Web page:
Those steps are to log into ASR, complete their respective portions of the application, and provide the signature of an authorized person.
“In the time since these changes were enacted, there have been a number of instances where ownership changes were not properly completed because one of the parties failed to complete the process. These failures made it difficult to identify the owner responsible for compliance with our Part 17 rules, led to complications in subsequent transfers, and resulted in other administrative inefficiencies.”
Part 17 of the rules covers construction, marking, and lighting of antenna structures.
The commission is reminding all parties to transfers of ownership of registered towers that they must comply with the process in the Ownership Change Public Notice.
“Further, we recommend that parties complete the change of ownership in ASR as part of the sales transaction, rather than leaving the ASR ownership change to be completed at a later date. If the ownership change application process is not properly completed by both parties, the ASR system will identify the wrong entity as the owner, which may result in the wrong entity being held responsible for a tower it no longer holds and may slow down future transfers of ownership for current owners. It could also impact aviation safety by preventing or delaying lighting outage reports from reaching tower owners and thus delay subsequent FAA notification and repairs.”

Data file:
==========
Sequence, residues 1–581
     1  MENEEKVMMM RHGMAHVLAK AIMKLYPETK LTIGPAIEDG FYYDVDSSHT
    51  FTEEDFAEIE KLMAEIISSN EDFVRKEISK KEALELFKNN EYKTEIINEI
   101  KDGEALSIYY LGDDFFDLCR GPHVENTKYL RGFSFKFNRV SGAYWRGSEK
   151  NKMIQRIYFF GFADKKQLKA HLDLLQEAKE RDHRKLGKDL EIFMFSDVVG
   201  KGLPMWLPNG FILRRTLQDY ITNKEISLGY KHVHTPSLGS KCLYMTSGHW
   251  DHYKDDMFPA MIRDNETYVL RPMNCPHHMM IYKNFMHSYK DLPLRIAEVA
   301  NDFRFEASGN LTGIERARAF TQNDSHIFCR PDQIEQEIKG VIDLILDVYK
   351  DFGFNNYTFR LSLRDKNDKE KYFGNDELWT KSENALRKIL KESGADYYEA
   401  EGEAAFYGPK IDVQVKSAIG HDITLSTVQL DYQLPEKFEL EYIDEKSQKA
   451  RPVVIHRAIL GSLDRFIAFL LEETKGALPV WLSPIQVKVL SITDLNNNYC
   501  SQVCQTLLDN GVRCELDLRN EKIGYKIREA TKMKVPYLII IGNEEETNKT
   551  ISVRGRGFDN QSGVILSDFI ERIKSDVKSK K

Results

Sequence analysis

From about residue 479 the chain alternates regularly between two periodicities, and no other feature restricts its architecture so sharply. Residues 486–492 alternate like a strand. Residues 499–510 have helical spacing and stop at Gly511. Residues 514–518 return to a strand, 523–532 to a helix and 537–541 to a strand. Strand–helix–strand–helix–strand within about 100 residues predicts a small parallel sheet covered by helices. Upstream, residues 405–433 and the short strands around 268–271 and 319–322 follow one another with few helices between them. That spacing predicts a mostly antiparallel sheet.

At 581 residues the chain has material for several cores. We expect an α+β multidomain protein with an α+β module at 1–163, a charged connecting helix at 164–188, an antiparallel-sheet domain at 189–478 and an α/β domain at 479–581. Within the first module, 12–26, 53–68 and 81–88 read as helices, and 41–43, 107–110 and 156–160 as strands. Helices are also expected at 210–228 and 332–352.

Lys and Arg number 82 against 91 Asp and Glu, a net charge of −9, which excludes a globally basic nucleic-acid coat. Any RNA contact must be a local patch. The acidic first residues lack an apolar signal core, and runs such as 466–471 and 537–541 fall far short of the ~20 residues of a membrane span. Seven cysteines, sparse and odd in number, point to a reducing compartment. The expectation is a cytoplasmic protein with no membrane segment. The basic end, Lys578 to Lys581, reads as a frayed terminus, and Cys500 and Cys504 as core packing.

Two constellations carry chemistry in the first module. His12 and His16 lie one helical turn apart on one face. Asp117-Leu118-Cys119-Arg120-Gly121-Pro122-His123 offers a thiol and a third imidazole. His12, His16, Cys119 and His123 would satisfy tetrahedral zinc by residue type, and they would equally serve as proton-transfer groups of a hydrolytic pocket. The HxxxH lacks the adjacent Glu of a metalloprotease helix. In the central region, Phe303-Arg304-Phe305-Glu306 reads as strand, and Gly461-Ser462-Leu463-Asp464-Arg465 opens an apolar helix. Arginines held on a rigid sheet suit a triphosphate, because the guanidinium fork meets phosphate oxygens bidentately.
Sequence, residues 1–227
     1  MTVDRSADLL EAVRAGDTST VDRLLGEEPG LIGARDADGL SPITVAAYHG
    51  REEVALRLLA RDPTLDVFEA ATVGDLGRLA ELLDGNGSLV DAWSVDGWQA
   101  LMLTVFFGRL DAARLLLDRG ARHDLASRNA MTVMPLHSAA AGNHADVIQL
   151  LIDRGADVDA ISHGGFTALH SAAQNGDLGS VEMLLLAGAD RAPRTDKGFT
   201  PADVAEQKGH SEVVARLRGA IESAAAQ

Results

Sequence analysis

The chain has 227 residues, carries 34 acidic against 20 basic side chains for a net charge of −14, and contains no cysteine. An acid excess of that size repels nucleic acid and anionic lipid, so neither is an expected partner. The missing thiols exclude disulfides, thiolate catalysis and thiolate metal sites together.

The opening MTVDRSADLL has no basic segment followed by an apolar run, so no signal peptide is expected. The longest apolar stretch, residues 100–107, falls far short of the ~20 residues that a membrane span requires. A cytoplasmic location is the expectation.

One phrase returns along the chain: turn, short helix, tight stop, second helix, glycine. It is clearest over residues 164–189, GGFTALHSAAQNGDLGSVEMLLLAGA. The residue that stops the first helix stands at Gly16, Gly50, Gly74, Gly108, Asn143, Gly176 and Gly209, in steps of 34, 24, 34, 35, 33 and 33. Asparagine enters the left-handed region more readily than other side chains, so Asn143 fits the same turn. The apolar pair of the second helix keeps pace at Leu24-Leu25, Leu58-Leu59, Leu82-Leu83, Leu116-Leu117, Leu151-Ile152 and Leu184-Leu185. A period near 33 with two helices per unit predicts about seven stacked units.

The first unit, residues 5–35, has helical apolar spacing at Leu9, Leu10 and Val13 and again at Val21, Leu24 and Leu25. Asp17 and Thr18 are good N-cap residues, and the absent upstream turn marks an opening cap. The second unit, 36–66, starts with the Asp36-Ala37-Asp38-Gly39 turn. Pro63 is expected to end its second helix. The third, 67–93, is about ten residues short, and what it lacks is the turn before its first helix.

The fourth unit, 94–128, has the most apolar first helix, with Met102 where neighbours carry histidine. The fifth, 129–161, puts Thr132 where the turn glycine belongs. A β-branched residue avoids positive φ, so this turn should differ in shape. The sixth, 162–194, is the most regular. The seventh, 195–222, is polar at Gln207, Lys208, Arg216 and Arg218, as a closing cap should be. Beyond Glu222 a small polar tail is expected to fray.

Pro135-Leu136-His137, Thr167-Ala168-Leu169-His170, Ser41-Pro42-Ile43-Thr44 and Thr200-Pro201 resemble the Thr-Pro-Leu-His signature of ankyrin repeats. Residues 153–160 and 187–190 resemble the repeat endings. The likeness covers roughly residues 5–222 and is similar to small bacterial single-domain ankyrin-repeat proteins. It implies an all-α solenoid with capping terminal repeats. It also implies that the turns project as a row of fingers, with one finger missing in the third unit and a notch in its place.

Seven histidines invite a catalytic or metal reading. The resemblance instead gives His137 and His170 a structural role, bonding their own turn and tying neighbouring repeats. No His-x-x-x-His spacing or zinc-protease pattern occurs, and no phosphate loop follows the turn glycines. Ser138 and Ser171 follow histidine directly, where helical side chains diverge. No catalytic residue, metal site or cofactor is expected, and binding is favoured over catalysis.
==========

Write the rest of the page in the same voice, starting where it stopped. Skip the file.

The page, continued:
It noted that its Licensing Support Hotline is available on weekday business hours to help with the online application process at (877) 480-3201 option 2; TTY (717) 338-2824.
The pandemic has changed some priorities in the global audio business, according to IABM.
In its latest “Audio Sector” report, the association writes that pandemic lockdowns have had “significant and sometimes surprising” effects in audio, which it calls an “important, but sometimes unheralded” sector of broadcast and media.
- COVID-19 “has led to a realization of the importance of audio quality, as disruptions hit production standards.”
- The pandemic has “incentivized consumers to increasingly stream audio-only content,” prompting growth in areas such as podcasting.
- From a technology perspective, “audio virtualization and remote production deployments have accelerated out of necessity, while other trends such as immersive audio have slowed down.”
- Some audio business drivers such as the move to easy-to-use products have accelerated.
- Demand in live sectors such as music and theater has plummeted “while other buyers such as streaming, smaller audio content creators and some adjacent markets have increased investment.”
- The audio supply chain has been hit by the cancellations of events and productions more than it has been helped from new waves of spending from remote working, production, streaming and small audio producers.
- And “some audio technology suppliers have pivoted to cater to the needs of new segments, as well as to accommodate the health and safety requirements of the pandemic in some sectors.”
IABM quoted its Head of Knowledge Lorenzo Zanni saying that while live events took a back seat, and stay-at-home viewers accepted lower-quality video, “the importance of high-quality audio really came to the fore.”